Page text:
Three-dimensional mapping of electrical propagation in the heart: experimental and mathematical model based analysis

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dc.contributor.advisor Dr Ian J. LeGrice en
dc.contributor.advisor Associate Professor Bruce H. Smaill en
dc.contributor.advisor Professor Peter J. Hunter en
dc.contributor.author Hooks, Darren Anthony en
dc.date.accessioned 2007-05-21T02:54:22Z en
dc.date.available 2007-05-21T02:54:22Z en
dc.date.issued 2001 en
dc.identifier.citation Thesis (PhD--Physiology)--University of Auckland, 2001. en
dc.identifier.uri http://hdl.handle.net/2292/440 en
dc.description.abstract In this thesis, mathematical modelling, instrumentation development and experimental studies are combined to effect two advances in the study of cardiac electrophysiology. Firstly, we outline a method that will enable microstructural information gathered using extended confocal microscopy to be incorporated into whole heart models of electrical propagation. A structured finite element technique is used to solve the bidomain equations on a realistic representation of myocardial architecture. The effects of intercellular gaps in the tissue on electrical propagation, and the response of myocardium to defibrillation-strength shocks, are examined. It is shown that myocardium is not a transversely isotropic electrical medium as has been widely assumed. Instead it is most appropriately viewed as orthotropic, with different electrical properties assigned to three microstructurally defined orthogonal axes. It is also concluded that the intercellular tissue gaps provide a likely mechanism for activation of a critical volume of tissue during defibrillation. Secondly, a novel imaging system is presented which enables transmembrane potentials to be recorded simultaneously at multiple sites through the heart wall. While heart surface optical recordings of transmembrane potential have been widely used in studies of normal and pathological heart rhythms, it is difficult to obtain information about propagation processes deep within the heart wall. A probe constructed from optical fibers is used to deliver excitation light to and collect fluorescence from 6 tissue sites each spaced 1mm apart. For individual channels, excitation is provided by the 488nm line of a watercooled argon-ion laser, while the fluorescence of a voltage-sensitive dye is split at 600nm and imaged into separate photodiodes for later signal ratioing. The system has been sucessfully used to record intramural action potentials in the isolated rabbit heart and is designed to be easily expandable to accommodate multiple optical probes. The fluorescence collection volume of the fibre-optic probe has been characterised in rhodamine solution using two-photon microscopy. These data are compared with corresponding results obtained with two flat cleaved optical fibres in solution and in stained heart tissue. The results demonstrate that the effective collection depth in cardiac tissue for our optrodes was 100μm, but that this is dependent on the type of optical fibre used to fabricate the optrode. These techniques developed in this research provide a basis for more systematic study of the initiation and termination of reentrant electrical activity in the heart. Future research that builds on the original findings presented in this thesis is discussed. en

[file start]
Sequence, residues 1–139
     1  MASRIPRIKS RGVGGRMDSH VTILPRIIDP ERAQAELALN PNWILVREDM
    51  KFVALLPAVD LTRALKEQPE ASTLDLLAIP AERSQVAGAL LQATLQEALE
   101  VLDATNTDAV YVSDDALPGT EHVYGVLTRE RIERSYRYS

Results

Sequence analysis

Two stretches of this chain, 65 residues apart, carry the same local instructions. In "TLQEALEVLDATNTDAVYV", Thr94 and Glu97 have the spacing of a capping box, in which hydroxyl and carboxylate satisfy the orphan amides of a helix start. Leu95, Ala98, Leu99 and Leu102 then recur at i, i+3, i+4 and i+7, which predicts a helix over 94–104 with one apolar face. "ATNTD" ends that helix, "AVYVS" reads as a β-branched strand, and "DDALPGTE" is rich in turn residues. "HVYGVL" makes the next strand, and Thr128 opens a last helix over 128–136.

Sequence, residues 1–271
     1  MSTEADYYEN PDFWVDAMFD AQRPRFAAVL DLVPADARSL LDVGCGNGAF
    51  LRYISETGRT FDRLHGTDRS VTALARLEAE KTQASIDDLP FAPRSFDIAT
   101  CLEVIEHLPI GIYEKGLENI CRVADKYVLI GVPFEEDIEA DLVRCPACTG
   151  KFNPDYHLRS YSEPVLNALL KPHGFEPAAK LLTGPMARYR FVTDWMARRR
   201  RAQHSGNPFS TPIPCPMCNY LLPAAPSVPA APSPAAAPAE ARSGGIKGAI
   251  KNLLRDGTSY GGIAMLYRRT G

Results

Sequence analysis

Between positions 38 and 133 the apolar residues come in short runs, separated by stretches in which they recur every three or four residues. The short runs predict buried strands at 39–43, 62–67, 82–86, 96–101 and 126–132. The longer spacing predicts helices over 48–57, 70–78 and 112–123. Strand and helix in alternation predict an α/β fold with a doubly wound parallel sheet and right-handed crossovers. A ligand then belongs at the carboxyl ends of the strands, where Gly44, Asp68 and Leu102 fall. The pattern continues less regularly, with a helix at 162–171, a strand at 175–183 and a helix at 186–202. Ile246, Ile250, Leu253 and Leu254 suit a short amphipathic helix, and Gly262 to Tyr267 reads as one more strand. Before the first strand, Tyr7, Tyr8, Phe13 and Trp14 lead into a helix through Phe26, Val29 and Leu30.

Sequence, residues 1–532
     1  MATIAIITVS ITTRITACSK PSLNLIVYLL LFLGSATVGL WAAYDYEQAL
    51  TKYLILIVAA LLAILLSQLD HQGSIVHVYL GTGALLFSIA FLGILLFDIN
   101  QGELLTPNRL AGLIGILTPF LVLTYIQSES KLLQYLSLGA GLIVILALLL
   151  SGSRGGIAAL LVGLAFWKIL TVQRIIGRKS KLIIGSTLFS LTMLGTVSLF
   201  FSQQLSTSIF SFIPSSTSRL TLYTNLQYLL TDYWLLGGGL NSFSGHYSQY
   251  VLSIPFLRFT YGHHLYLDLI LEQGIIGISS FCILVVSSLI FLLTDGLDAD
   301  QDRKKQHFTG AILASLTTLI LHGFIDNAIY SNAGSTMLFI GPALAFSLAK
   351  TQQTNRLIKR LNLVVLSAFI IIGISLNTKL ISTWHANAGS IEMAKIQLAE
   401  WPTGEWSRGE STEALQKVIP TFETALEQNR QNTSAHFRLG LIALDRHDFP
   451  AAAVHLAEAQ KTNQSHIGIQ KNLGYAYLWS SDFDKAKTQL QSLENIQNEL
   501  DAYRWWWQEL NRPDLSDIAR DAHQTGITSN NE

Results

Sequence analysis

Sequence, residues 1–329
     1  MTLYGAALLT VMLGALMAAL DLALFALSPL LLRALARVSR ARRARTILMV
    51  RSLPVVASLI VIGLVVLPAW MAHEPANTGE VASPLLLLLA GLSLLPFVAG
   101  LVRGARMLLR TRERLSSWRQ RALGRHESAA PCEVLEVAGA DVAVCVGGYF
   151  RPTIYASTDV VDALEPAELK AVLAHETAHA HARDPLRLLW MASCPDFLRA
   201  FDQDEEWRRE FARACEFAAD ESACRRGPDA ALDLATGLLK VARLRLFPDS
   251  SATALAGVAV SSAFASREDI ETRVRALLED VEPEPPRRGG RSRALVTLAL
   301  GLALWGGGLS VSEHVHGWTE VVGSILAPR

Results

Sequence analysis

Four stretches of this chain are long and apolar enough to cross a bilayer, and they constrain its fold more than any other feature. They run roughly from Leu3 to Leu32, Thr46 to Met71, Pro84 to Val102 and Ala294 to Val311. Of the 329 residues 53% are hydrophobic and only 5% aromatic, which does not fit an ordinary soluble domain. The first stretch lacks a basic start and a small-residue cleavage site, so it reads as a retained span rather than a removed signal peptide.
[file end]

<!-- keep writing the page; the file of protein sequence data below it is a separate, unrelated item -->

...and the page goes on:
dc.format Scanned from print thesis en
dc.language.iso en en
dc.publisher ResearchSpace@Auckland en
dc.relation.ispartof PhD Thesis - University of Auckland en
dc.relation.isreferencedby UoA1142475 en
dc.rights Items in ResearchSpace are protected by copyright, with all rights reserved, unless otherwise indicated. en
dc.rights.uri https://researchspace.auckland.ac.nz/docs/uoa-docs/rights.htm en
dc.title Three-dimensional mapping of electrical propagation in the heart: experimental and mathematical model based analysis en
dc.type Thesis en
thesis.degree.discipline Physiology en
thesis.degree.grantor The University of Auckland en
thesis.degree.level Doctoral en
thesis.degree.name PhD en
dc.rights.holder Copyright: The author en
pubs.local.anzsrc 0606 - Physiology en
pubs.org-id Bioengineering Institute en


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